WRITTEN FOR SKYSPORTS
Despite not having raced for three months throughout the winter with a string of injuries, distance-running starlet Charlotte Purdue is on course to make her Olympic debut on the track this summer, writes Nicola Bamford.
The 20-year-old Aldershot runner has only raced on half a dozen occasions since finishing fourth in the Bupa Great South Run in Portsmouth last October - where she twisted her ankle mid-race - yet remains on track to realise her Olympic dream in London this August, following a trio of impressive performances of late.
Guided by Mick Woods at their St Mary’s university base, Purdue finished a fine fourth in today’s Bupa Great Manchester run against a top senior international field in 32:13 along the 10km city-centre course, placing as the top British woman ahead of Olympic marathon representative, Mara
Yamauchi in sixth (32:28).
Only three seconds off her lifetime best set in the Bupa Great Ireland Run in Dublin back in April – which shot her to eleventh on the British all-time list – the Commonwealth 10,000m fourth-placer was content with her recent showing of form ahead of a busy track campaign:
“I’m feeling good and I’m happy with how I’ve been training - I haven’t really tapered for this race so I’m quite pleased with the time,” she explained after her appearance in the north-west.
“The race was slightly different to Dublin – there, it was me and Gemma pushing each other the whole way but here, I was in a group and then suddenly out of nowhere, Linet (Masia, the Kenyan winner with 31:35) made a big surge to get away and I tried to go with it and hold my form by keeping my own pace, pushing and pushing but it was really tough out there.”
Now turning her attentions to the red mondo surface, Purdue is aiming for the Olympic ‘A’ standard for both the 5,000m and 10,000m in the next few weeks.
Currently holding the ‘B’ qualifying mark for the longer distance courtesy of an eye-catching 32:03.05 lifetime best set in California last month – which ranks her as second British under23 and fourteenth senior of all-time – the diminutive runner is also only fourteen-seconds off the 5,000m ‘B’ time, having clocked 15:44.01 when winning the British universities title in the Olympic stadium a fortnight ago.
Having split the final year of her history degree in half in order to prepare for a tilt at the Games, Purdue revealed her thoughts on both the stadium which she hopes to return to and her chances of selection:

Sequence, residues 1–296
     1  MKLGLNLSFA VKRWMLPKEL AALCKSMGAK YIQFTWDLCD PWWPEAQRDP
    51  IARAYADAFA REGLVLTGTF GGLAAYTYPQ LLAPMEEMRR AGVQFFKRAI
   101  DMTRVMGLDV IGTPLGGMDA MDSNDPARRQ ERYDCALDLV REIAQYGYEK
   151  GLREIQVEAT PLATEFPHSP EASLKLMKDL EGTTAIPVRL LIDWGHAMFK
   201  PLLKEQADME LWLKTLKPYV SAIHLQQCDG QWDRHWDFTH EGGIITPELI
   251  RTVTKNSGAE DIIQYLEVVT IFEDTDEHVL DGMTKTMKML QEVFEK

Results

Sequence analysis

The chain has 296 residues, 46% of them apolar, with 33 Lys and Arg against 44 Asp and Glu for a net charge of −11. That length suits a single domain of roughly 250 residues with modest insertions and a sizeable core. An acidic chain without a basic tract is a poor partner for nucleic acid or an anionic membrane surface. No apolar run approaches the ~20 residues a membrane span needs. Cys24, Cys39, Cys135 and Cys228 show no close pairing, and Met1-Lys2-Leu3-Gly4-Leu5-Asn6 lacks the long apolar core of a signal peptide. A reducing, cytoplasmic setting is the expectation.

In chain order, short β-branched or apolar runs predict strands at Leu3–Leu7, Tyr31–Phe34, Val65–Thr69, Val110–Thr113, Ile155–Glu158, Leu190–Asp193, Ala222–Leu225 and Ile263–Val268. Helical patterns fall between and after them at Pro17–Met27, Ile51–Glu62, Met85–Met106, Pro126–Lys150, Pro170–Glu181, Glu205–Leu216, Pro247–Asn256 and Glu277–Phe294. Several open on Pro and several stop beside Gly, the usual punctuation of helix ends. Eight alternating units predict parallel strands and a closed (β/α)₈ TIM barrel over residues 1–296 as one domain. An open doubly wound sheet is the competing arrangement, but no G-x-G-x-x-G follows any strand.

“I absolutely loved it – I felt absolutely honoured to have got the stadium record before the Olympics and running in it was really amazing,” she said.
“The bigger picture is the European Cup in two weeks (where she will target the 31:45 mark in Spain) - I’d love to get the time, that’s my main aim and I want to qualify for the Olympics more than anything.
“I’m definitely going for the 5,000m as well but I like the 10,000m more and obviously, I’d like to get the standard for both, I just feel stronger in the 10.”
With the likes of Jo Pavey, Freya Murray and Gemma Steel all chasing the twenty-six lap mark, Purdue is well aware of the fierce rivalry for team places but admits she relishes a test:
“I think it’s good that there’s a lot of good competition between the Brits as we’ll all push each other on – if it was just me going for the time, it wouldn’t feel as challenging and I always like a challenge,” she explained.
With a twelve and a half lap best of 15:23.4 from the 2010 season, the British junior number-two of
all time is clearly capable of the 15:20 ‘A’ standard for the Games and Purdue believes her injury-plagued summer and winter could indeed benefit her in the long-run.
A former European junior cross-country champion, Purdue feels the time out from competition as she nursed her ankle and knee back to full fitness in the last twelve months will ensure that she doesn’t peak too soon for the championship period in late summer:
“I think I compensated for the ankle for about a week in training and then about a week and a half into my trip in Kenya in November, I hurt my knee quite badly and I had to have the whole of Christmas off,” she revealed.
“I didn’t start back running again until late January then I got another niggle so I’ve had a real up and down time of it but touch-wood, I’m hopefully over it all now.
“Although it’s not been the perfect build-up in Olympic year, it’s made me stronger – if everything went to plan it would be boring.”
Remaining in positive mood despite the various setbacks, Purdue is currently riding on the crest of a wave and believes the injuries were a blessing in disguise:
“After spending a lot of time on the spinning bike and in the pool, I lost quite a lot of my speed so Mick’s been making me train for the faster stuff with Steph (Twell, a 1,500m Olympic hopeful) as well doing as the 5,000m track sessions so I definitely feel a lot stronger now having done them,” she said.
Keen to play down her medal chances for London, Purdue admits she has her sights on the silverware for the 2016 Games in Rio and intends to use her potential selection for experience only:
“Firstly, I’d like to qualify and then my aims would be to have a good run and I’d love to get a personal best,” she explained.
“Obviously, you don’t want to peaking now so I think all my troubles that have held me back a bit may have actually been not too bad for the preparation.
“Looking back to this time last year, no-one would have thought either me or Steph (who broke her ankle fourteen months ago) would be not too far away from running in the Olympics, but we’re both back so it’s really promising.”